|Unique Streets: 28
|Miles Walked: 4.65
Street Names (italicized names have been walked on another day): Greenleaf, Seward, Rutledge, Republic, Reese, Cielo, Fingal, Bradley, Lizardi, Horner, Grandview, Sweetbriar, Augusta, Orlena, Edith, Shaler, Crooked, Clarence, Well, Wilmar, Wyola, Lupton, Pyler, Plymouth, Meta, Oneida, Meridan, Alta, Athlone, Hallock, Octave, Virginia, Pitcher, W Sycamore, Sweetbriar Village, Halfway
Today I finished walking almost all of the streets in Duquesne Heights. There are still a few on the other side of Saw Mill Run Boulevard that are technically in this neighborhood but I will have to walk them another day.
Duquesne Heights is a neighborhood in Pittsburgh that overlooks the Golden Triangle. Most people (Pittsburghers included) assume that it is Mount Washington.
I started walking on Greenleaf and immediately climbed these stairs:
New construction was all around.
I walked around this huge tower to get to a trail I saw on the map.
The trail that cuts across the huge bluff under Grandview Avenue is called George and Guy Trail (Named after George Washington and the Seneca Chief Guyasuta.) I will definitely need to bring George back here.
According to the Hopkins Maps there used to be streets here.
The trail was very well maintained and peaceful. You could imagine George and Guy walking here together (minus the concrete pieces and graffiti that lined the trail in areas.)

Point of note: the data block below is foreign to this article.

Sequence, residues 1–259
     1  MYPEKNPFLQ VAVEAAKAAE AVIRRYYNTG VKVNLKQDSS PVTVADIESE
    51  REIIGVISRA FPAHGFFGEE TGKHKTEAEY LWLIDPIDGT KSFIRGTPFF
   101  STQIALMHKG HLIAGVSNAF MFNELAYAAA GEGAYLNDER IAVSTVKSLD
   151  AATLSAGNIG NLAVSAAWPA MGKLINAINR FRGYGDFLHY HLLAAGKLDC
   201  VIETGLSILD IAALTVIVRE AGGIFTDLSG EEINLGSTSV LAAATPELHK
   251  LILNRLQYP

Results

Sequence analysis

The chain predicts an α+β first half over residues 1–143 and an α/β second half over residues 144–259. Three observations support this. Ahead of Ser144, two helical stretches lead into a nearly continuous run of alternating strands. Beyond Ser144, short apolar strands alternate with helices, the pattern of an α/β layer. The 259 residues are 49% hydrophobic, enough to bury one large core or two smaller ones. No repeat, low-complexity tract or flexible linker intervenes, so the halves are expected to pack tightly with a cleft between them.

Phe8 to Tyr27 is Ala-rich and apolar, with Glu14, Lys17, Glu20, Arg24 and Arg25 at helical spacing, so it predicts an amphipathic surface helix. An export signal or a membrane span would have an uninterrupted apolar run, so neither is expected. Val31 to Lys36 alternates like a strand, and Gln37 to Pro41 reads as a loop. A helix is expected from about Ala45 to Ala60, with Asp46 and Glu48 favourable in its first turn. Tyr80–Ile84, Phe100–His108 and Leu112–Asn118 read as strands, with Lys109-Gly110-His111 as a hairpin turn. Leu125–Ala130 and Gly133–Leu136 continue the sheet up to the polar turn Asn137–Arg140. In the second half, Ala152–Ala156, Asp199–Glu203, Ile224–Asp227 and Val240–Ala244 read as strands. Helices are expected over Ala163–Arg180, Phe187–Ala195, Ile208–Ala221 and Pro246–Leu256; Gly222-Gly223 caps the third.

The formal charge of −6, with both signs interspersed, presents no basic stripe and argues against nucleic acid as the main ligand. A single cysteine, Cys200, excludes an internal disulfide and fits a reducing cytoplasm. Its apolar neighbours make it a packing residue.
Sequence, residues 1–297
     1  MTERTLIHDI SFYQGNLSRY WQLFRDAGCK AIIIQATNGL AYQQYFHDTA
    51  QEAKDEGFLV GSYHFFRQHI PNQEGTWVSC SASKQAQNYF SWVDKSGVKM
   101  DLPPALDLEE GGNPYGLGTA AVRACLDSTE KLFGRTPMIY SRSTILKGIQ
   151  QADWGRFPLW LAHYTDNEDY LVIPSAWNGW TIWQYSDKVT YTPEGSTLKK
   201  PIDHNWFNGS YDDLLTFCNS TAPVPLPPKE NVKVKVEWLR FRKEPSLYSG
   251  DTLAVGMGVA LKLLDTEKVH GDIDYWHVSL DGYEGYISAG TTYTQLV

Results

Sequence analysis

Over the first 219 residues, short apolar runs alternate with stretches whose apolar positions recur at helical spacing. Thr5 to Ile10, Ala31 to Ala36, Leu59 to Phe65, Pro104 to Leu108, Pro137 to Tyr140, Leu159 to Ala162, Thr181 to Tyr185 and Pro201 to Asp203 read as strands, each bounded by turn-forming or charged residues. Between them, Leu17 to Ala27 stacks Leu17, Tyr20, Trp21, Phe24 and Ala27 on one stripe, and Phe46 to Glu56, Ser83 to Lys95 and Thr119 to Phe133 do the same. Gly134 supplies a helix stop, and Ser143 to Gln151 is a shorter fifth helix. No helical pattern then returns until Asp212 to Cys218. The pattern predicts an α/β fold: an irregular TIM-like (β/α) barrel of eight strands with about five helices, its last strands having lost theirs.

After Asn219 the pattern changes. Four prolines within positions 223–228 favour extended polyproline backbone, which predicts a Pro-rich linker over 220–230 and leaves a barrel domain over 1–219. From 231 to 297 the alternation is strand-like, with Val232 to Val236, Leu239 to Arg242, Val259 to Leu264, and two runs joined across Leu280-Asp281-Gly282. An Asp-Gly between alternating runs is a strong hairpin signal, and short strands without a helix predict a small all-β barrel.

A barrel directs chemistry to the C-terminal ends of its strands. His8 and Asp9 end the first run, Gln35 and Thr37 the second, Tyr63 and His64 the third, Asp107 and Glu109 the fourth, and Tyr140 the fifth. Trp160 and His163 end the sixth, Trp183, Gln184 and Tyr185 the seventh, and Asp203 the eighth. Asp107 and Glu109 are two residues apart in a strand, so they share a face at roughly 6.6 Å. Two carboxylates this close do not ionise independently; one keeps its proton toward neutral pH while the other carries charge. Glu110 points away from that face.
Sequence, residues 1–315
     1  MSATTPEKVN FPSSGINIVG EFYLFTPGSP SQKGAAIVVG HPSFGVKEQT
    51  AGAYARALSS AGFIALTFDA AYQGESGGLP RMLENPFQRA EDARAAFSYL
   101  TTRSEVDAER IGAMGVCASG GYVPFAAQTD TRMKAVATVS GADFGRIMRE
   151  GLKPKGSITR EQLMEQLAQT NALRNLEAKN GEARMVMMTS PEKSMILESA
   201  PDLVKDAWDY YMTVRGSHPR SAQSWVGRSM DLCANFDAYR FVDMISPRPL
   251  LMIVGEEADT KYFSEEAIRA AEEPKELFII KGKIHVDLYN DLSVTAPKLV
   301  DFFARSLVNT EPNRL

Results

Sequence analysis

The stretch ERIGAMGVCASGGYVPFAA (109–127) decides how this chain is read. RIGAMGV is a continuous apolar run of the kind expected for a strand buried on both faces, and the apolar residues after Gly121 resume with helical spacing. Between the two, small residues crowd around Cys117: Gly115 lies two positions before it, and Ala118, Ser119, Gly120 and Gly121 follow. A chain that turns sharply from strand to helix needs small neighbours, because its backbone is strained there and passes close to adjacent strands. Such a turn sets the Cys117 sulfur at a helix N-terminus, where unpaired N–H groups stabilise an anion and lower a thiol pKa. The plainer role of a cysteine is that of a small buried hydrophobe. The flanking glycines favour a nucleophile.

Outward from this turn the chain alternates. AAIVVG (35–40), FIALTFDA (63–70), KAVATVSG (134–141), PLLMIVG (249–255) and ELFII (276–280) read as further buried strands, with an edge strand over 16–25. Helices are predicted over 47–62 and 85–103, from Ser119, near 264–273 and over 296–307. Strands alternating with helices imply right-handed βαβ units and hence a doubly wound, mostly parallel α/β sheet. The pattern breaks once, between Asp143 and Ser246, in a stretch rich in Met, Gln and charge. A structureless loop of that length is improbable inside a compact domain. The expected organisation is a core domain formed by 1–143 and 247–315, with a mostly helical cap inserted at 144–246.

It afforded views that can’t be seen anywhere else.
It also ran above an area that experienced a landslide in February 2018. One house was destroyed and the falling hill encroached on Greenleaf Street.
The views on the trail kept on coming.
I got to the top of the trail and onto Grandview Avenue.
Out of the woods, I was back in a residential area. I saw this sign and decided I need one with my name on it.
I ignored almost every ‘No Outlet’ sign that I saw and was rewarded with pedestrian trail access that allowed me to get to more streets than I could have if I’d stayed on the road. I found a series of trails that ran over the Fort Pitt Tunnel. As a kid staring out the car window I’d always wondered if you could walk on top of the tunnel (also who gets to look through the windows inside the tunnel front.) I did not see any Tunnel Monsters but peacefully found my way through the woods.
I noticed a few strange things like these rusty shears:
And these pants that came off with their owner’s socks still attached at the bottom:
I disturbed a dog on Plyer Way. You could tell that he rarely sees pedestrians on HIS street.
I also disturbed a squirrel when I yelled at him for pilfering a bird feeder.
I got another surprise city view between these horse swing-hung trees.
These aging row houses sat directly over the Fort Pitt Tunnel and I tried to find someone to ask if they ever hear the traffic below them late at night while lying in their beds. Probably a good thing I saw no one because that could be construed as a creepy question.
Walking closer to my car I saw a poor squirrel stuck in a trap on top of someone’s roof. Why would you catch a squirrel? The answers I came up with are not happy thoughts.
I went down a ‘No Outlet’ marked street and got irrationally angry at this sign:
How could a COP street be PRIVATE? I walked on it anyways.